That night we had moose steaks fried in bacon grease. I promptly zipped up my Wiggy's sleeping bag and fell asleep. The next morning brought more rain and wind. Some things about tent camping are great. One that isn't is that boots don't dry overnight. Not unless you have a wood stove in there with you. And our heat was merely from a Coleman stove perched on a wooden crate between our cots. The 6x6 Bombshell tent was cozy and warm (and most importantly windless), but was no wood-heated lodge or wall tent!
We trudged out to the top of the hill from which we briefly glassed the morning before. Visibility was poor, despite it getting lighter as the sun, somewhere up behind massively thick clouds, was presumably getting higher in the sky. We could not even see the bottom, and the rain was getting heavier. We headed back to the tent to wait it out. Later that afternoon, the rain lightened and almost stopped. The wind was forever present, but had also lessened its bite.
We left the protection of the tent and headed in a direction opposite the first perch. Arriving to a new look-out spot, I was excited to explore new territory with my eyes and through binoculars. The short time we sat there was terminated when Joe "suggested" we move back to the first spot. That was about 2 miles away back over the mountain that sported our tent. By "suggestion" I mean he stood up and put his pack on and started walking away while saying something about needing to check where the moose are. Although I was pleased with the view I had, I decided his 500:zero moose kill ratio was something I should continue to remember.
Over at the first perch we saw little as light faded and the ceiling came down again. Clouds and more rain. But it was very beautiful country. The birch trees were yellowing by the minute. Each day in Alaska in September sees 7-9 fewer minutes of daylight (depending on where you are). I commented to Joe that the month of September sees an extraordinary amount of change up here. He responded, without even moving his head away from his spotting scope, "you'll see a lot of change just between now and when you kill something." The guy knew what he was talking about. Maybe even more than he knew.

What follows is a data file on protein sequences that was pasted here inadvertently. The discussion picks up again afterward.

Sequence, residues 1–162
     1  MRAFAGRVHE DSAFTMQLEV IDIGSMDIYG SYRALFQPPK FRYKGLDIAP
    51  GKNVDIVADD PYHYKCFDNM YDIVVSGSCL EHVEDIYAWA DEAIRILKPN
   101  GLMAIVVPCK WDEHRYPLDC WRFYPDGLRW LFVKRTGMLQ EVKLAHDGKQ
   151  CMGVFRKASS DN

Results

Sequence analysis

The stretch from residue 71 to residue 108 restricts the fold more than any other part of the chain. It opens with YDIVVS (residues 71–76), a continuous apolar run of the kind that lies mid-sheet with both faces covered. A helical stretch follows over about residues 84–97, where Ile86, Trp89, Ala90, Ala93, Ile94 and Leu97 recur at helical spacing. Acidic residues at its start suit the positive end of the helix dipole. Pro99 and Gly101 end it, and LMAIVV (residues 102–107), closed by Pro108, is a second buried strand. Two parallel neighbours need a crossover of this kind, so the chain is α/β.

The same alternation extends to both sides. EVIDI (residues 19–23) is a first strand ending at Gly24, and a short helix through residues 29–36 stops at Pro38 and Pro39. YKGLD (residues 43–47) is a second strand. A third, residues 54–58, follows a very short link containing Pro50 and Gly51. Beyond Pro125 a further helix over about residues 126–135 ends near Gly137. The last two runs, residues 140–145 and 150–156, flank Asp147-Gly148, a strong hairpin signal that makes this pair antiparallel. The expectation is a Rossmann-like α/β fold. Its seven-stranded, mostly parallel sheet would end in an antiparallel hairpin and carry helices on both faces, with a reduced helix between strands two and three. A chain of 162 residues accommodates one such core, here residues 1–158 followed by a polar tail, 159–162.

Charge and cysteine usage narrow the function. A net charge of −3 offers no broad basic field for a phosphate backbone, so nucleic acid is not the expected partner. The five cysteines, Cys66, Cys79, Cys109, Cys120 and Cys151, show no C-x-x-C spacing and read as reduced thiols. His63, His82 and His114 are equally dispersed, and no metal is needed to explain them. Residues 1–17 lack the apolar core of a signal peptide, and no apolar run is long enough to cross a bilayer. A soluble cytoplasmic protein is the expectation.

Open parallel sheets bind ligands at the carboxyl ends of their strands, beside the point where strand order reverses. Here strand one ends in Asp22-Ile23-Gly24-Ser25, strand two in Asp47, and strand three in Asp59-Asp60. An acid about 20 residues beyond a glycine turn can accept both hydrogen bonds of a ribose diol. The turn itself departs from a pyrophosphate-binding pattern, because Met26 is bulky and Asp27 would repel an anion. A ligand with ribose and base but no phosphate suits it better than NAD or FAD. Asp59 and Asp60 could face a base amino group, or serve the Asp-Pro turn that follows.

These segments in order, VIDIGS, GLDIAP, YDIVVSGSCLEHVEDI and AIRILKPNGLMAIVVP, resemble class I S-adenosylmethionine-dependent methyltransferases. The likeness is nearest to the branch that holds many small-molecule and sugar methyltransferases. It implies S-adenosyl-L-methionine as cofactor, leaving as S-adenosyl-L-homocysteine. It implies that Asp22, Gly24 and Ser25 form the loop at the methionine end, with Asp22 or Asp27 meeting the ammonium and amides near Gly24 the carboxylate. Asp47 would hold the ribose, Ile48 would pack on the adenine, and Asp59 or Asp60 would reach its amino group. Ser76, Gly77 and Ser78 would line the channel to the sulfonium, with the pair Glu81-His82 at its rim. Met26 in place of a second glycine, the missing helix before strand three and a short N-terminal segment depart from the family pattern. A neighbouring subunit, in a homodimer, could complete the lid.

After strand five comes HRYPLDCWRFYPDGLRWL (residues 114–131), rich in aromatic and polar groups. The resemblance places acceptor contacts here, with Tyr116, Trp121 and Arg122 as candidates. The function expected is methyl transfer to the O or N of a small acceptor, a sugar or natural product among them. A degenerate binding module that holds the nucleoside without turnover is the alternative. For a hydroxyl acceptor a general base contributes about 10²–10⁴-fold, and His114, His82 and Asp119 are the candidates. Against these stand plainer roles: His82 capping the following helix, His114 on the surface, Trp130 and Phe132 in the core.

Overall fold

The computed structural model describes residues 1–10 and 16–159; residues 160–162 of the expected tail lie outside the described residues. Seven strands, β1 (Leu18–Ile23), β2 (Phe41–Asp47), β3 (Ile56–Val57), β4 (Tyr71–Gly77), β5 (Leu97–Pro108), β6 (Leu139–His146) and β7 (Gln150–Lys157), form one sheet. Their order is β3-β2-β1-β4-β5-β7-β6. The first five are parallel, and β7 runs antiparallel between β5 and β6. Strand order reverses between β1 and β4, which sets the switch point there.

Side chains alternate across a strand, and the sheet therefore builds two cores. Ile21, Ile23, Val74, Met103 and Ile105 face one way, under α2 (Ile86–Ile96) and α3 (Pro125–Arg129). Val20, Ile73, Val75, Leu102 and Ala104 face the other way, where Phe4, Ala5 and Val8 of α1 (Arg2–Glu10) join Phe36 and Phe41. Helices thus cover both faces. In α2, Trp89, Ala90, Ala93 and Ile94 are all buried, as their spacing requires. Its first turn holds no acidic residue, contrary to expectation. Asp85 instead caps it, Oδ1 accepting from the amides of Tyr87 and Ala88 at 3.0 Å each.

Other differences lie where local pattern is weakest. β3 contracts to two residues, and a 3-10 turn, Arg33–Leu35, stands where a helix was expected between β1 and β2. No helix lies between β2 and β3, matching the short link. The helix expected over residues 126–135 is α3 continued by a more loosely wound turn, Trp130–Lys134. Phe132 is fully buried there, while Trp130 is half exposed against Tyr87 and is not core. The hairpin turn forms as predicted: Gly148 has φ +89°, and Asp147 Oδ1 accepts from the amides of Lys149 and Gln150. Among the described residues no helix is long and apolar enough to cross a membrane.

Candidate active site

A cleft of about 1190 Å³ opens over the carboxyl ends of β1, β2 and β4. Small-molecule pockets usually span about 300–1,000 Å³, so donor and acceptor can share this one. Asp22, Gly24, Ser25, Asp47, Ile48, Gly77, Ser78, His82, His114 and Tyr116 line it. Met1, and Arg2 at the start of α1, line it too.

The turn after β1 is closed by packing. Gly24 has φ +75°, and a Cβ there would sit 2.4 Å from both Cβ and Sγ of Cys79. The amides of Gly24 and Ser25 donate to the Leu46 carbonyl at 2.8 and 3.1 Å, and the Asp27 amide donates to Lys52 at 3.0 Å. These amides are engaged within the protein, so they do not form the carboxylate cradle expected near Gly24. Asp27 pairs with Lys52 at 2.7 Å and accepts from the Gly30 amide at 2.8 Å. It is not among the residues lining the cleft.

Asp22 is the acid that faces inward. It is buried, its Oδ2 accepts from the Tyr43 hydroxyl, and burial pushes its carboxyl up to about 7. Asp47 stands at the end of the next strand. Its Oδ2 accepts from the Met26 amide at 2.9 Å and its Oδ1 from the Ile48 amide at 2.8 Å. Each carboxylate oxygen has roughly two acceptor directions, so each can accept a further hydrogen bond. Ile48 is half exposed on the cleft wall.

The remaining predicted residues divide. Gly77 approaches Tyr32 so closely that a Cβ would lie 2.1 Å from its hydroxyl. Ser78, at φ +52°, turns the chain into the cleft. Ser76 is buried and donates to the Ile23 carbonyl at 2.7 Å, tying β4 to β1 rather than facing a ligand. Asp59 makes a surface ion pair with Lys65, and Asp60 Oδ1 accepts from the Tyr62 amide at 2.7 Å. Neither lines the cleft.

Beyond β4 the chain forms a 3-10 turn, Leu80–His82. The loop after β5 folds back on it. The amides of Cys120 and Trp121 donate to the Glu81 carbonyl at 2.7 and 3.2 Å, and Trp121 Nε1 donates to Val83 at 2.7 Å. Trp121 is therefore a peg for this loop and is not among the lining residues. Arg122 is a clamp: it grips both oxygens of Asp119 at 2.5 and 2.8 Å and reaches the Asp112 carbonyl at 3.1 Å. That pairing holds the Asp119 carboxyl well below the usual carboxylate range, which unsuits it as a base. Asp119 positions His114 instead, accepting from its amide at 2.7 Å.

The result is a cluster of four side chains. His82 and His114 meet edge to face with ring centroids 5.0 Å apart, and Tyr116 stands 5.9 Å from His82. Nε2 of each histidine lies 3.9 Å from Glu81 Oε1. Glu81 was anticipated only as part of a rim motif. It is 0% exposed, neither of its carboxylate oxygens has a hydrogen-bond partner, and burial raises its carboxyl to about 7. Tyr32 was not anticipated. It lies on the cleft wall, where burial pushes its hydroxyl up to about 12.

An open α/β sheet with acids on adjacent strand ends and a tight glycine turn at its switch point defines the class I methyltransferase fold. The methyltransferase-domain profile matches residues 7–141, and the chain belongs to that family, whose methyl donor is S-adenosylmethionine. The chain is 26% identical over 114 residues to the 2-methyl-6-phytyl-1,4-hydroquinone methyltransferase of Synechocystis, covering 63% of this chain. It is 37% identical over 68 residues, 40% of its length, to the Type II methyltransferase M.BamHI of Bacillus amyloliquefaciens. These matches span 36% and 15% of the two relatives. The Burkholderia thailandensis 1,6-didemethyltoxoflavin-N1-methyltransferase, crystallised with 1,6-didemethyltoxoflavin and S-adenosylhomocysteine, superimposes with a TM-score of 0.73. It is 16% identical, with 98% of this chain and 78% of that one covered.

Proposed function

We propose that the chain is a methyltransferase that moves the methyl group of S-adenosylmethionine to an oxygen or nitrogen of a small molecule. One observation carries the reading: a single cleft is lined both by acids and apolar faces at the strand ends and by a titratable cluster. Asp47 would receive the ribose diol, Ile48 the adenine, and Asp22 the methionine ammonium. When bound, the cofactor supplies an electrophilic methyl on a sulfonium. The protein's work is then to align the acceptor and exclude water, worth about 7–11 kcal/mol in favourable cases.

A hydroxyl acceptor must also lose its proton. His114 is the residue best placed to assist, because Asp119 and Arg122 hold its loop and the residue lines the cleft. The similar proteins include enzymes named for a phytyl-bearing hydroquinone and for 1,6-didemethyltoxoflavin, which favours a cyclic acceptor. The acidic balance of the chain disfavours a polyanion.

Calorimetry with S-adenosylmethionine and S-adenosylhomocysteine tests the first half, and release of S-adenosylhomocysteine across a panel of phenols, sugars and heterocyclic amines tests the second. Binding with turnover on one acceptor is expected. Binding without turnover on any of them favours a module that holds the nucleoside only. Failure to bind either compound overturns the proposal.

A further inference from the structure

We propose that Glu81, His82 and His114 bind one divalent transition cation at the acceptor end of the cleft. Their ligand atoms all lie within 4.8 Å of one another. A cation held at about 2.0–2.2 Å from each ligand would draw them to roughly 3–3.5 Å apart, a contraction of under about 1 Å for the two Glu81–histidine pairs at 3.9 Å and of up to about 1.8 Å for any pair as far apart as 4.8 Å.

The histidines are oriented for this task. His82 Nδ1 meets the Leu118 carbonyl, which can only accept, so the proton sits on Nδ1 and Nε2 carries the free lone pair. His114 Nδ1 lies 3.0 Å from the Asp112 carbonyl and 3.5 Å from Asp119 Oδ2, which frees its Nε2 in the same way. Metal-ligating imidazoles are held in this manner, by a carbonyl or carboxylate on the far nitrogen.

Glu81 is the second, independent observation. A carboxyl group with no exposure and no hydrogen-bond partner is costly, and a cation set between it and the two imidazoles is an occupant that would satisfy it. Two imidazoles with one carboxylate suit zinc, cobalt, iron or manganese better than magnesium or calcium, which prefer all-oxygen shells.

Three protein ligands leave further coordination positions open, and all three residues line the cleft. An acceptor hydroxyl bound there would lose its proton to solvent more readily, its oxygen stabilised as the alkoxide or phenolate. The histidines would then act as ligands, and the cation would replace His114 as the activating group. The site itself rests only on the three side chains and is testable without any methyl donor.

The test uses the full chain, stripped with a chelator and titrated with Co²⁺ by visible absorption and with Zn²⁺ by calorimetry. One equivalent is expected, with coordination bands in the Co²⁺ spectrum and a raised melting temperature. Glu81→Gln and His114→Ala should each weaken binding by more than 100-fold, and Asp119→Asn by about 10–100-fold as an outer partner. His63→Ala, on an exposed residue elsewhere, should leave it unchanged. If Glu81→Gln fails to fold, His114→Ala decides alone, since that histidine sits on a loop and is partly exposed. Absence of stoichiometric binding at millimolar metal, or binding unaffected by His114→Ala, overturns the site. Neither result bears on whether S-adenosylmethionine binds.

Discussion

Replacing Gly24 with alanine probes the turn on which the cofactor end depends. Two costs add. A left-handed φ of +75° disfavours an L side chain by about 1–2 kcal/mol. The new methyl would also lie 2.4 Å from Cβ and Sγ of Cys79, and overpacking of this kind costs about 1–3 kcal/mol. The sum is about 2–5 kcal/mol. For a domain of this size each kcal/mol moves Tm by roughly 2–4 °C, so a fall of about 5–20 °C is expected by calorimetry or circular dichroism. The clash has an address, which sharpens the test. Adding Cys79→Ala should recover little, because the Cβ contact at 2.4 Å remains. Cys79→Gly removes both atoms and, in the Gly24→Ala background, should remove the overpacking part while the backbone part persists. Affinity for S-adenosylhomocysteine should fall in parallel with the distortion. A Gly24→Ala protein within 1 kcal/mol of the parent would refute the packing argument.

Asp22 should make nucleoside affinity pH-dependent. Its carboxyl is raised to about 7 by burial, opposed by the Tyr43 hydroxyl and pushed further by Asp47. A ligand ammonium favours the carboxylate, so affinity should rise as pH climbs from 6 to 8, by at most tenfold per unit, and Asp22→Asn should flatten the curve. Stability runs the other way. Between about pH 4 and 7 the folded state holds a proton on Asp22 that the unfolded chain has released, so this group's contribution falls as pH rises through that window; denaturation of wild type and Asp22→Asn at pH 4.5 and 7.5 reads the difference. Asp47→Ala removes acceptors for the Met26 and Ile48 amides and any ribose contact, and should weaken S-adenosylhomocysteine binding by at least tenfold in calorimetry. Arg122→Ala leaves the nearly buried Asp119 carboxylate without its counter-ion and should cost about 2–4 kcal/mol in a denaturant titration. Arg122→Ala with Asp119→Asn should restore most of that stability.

Overnight, the wind really picked up. I was awakened by the whipping of the tent. I laid there thinking that the front must blow through at some point. An hour and a half later I was still waiting. I was starting to think that there was no way the tent would stay up through all of this. I prayed multiple times for our safety and, in making my "plans" for the event of a tent failure, figured we would have to pull the tent fabric over our sleeping bags and heads and hold it there until the storm passed and/or until morning when we could do something about it. Eventually I fell back to sleep, comforted in my knowledge that I had plan for dealing with the potential failure.
The next morning the weather had calmed somewhat but the rain fell steady and hard, back and forth, steady to hard and back to steady. We decided to stay in and wait it out. It was, after all, a 10-day hunt for a reason. And this type of weather was exactly why. Joe had mentioned that this season in particular was one of the wettest he could remember in his 30+ years of guiding in Alaska.
Between reading, naps, coffee and snacks, he repeatedly said that eventually the weather would have to break. We never left the tent on that day, content to stay inside and try to dry out. The next morning dawned without the sound of rain or much wind. Perhaps this was it. After a breakfast of spam, eggs and moose meat, we departed the tent for the first perch. As we walked away from our tent, we had to climb a (somewhat now familiar) slope to the landing strip and cross over it to the first mountain.
As I was growing accustomed to the terrain, I could spend more time looking up and less time looking down at my next step. We had not gotten more than 30 yards from the tent and part way up the slope, when we both saw, almost simultaneously, the two top tips of a caribou's antlers. Reactively, we both crouched and froze, with Joe whispering, "caribou!" just as the tips disappeared over the rise. "Come on," he said, and we were off jogging up the slope as quick as we could go and still remain hopefully silent. This time the lack of wind was a burden!